Straight Answers

Educating the public on the safety of the American food supply

Published online: May 30, 2019 News Luther Markwart, Executive Vice President, ASGA
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This article appears in the June/July 2019 issue of Sugar Producer.

Mid-summer is the period when plant and animal pests attack our beloved crops. There are over 30,000 weed species, nearly 15,000 types of insects, and thousands of microbial organisms that threaten crop health during the growing season. Farmers are on sprayers crisscrossing the landscape applying a variety of pesticides to protect plants from these varied and specific threats. Whether farmers are using conventional, biotech or organic techniques, they need to have a broad array of effective pesticides at their disposal to survive economically.

Yet activists attack biotechnology and gene editing, litigate against pesticides, raise alarms over pesticide residue, and urge everyone to go “organic”—and while you’re at it, become more sustainable. Unfortunately, many food companies are using or implying fear or superiority to differentiate their products (the “Non-GMO” and “No Glyphosate” labels), improve market share and increase profits. In the process, they stigmatize new technologies and safe products in an effort to push consumers to choose organic foods. Why do people pay more for organic foods? The answers from consumers are, Pesticides have not been applied, so it’s safer and healthier for my family, and it’s better for the environment. All of these perceived beliefs are not necessarily true. Consumers are being misled and farmers are unfairly threatened through the loss of important technology and production tools.

Having witnessed the evolution of these attacks and misconceptions over the years, we wanted greater clarity on these issues. We asked two incredibly knowledgeable people to sort all this out in a thoughtful, respectful, transparent and simple way. We asked them to do a comparative analysis of conventional, genetically modified (GM) crops and organic farming practices and the role of pesticides in each.

Robert Ehn has a long and distinguished history in the crop protection business with global experience. He works primarily in California. Jennifer Ryder Fox is the former dean of a college of agriculture in the California State University system and is the recipient of several awards with respect to crop protection products. Each has impeccable credentials and experience working in complex regulatory environments like California.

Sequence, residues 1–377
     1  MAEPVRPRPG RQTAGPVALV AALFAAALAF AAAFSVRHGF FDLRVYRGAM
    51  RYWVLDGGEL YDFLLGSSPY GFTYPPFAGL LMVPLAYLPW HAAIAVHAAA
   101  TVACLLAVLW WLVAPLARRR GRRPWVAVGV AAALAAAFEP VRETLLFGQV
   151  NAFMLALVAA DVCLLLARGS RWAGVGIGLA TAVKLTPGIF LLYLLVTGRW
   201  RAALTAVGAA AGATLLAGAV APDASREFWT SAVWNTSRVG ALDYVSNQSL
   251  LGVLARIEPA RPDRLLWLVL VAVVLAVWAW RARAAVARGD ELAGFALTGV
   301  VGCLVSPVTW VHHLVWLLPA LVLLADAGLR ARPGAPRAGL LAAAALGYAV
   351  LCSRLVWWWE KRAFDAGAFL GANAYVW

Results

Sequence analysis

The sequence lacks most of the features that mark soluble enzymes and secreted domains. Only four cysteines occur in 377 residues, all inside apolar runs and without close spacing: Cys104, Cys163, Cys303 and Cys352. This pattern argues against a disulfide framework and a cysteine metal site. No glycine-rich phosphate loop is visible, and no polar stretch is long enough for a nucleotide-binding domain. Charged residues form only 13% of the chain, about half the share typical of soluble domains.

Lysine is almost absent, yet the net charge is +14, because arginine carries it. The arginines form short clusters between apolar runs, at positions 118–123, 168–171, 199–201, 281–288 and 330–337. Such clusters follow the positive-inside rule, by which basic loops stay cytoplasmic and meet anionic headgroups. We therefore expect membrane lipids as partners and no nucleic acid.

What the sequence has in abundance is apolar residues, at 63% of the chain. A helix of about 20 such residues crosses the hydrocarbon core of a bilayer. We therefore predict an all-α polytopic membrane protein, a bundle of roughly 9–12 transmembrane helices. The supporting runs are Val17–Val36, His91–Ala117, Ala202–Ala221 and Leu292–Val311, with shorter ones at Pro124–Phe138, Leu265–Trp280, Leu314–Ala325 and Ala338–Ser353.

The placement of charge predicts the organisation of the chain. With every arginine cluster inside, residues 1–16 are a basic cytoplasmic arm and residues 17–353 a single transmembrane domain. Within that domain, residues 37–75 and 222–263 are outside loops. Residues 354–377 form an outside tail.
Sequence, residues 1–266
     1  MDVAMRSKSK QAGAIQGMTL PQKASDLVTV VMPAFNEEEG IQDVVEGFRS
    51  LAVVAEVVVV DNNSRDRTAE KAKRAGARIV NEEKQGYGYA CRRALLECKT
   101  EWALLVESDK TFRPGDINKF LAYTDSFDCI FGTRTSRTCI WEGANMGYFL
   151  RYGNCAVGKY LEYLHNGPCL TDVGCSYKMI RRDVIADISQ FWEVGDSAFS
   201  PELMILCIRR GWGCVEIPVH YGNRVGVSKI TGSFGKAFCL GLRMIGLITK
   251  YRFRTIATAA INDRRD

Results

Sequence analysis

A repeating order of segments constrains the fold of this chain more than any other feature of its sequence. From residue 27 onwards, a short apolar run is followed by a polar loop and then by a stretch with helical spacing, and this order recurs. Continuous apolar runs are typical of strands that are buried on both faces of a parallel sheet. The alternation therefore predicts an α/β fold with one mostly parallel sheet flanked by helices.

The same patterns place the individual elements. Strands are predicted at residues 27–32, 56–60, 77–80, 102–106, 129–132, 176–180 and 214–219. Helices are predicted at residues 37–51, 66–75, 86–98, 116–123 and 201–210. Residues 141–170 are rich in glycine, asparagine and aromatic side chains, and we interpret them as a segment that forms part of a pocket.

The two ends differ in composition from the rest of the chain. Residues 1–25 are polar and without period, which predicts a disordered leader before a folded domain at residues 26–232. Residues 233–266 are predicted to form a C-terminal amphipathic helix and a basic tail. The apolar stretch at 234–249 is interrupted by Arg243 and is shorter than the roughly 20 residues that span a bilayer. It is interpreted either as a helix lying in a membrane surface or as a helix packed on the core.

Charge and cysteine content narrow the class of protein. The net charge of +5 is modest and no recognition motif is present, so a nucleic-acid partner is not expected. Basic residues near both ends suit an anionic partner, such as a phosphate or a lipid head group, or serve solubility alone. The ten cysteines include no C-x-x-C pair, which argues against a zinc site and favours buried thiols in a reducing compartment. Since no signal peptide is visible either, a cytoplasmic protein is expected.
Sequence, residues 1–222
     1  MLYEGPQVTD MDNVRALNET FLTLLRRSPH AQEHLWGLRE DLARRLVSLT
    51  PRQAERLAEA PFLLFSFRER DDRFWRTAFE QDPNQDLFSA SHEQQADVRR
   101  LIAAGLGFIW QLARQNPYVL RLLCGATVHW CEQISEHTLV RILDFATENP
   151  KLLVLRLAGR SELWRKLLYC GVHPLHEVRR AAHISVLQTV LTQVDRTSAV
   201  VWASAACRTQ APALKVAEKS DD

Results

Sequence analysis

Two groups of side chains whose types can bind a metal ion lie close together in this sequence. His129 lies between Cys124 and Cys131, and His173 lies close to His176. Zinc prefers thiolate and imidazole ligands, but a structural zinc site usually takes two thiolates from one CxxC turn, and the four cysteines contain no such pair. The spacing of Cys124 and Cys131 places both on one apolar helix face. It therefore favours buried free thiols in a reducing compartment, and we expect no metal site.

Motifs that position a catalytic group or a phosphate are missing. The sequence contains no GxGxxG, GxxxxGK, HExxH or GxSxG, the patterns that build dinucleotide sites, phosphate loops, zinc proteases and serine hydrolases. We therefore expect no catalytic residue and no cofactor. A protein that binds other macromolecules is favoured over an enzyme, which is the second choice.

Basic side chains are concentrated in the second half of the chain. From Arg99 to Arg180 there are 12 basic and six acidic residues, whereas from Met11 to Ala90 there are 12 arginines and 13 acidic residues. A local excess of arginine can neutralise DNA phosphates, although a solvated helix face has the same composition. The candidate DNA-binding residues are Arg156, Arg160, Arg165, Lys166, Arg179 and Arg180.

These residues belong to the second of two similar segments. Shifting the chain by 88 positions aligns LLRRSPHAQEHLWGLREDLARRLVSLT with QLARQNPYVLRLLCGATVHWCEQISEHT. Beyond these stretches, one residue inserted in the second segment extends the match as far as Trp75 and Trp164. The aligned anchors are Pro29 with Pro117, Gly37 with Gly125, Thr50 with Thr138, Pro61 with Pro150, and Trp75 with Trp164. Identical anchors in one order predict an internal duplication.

Here is the essence of their 48-page review:

  1. Organic foods are generally not healthier for you than conventional or GM crops. None of the production methods is healthier than the other all of the time, and they are generally equivalent.
  2. Pesticide residues on food: With respect to pesticides, your food is safe, regardless of what method of farming produced it. Consumers should feel free to choose foods from conventional, GM or organic without social stigma or health concerns. Testing shows 99 percent of food had residues below EPA benchmark levels. The mere presence of a residue does not equate to a risk. The Environmental Working Group each year lists strawberries as part of their “Dirty Dozen” foods with pesticide residues. Residues are so minuscule, a teen could consume 1,743 servings of strawberries in one day without any harm from the pesticide.
  3. Pesticides are highly regulated and subject to strict scrutiny by a connected network of government agencies (EPA, FDA and USDA).
  4. Generally, more tests are required to bring a new pesticide to market than to bring a pharmaceutical drug to market. It takes 10 to 11 years and $300 million dollars to bring a new pesticide to market.
  5. Conventional and biotech farmers have approximately 13,600 synthetic pesticide products to choose from and organic producers have 1,385 pesticides to use.
  6. Synthetic vs. organic pesticides: Synthetic pesticides are effective much longer than organic pesticides. For example, the natural insecticide pyrethrin (derived from the chrysanthemum plant) is used to control worms in organic plants. Its half-life is 12 hours with less than 3 percent remaining on the plant after five days. A synthetic pyrethrin product has a half-life of three to five days. For every one application of synthetic pyrethroid, four to five applications of an organic pyrethrin would have to be made to achieve the same control.
  7. Most newer synthetic pesticides are no more harmful than table salt or vinegar and other consumer cleaning products under your kitchen sink.
  8. Organic farming isn’t generally better for the environment than GM or conventional farming. Each production method offers environmental advantages and drawbacks. Organic production is not unconditionally better for the environment and typically requires more land to produce an equivalent amount of food as do conventional or GM cropping methods. 

These eight points are surprising to most people and are great discussion topics.

These are the kinds of answers family, friends and townspeople need to hear and know more about. I encourage you to look at the entire study that can be found at www.americansugarbeet.org and be prepared to engage and educate people about the tools we use to survive and succeed.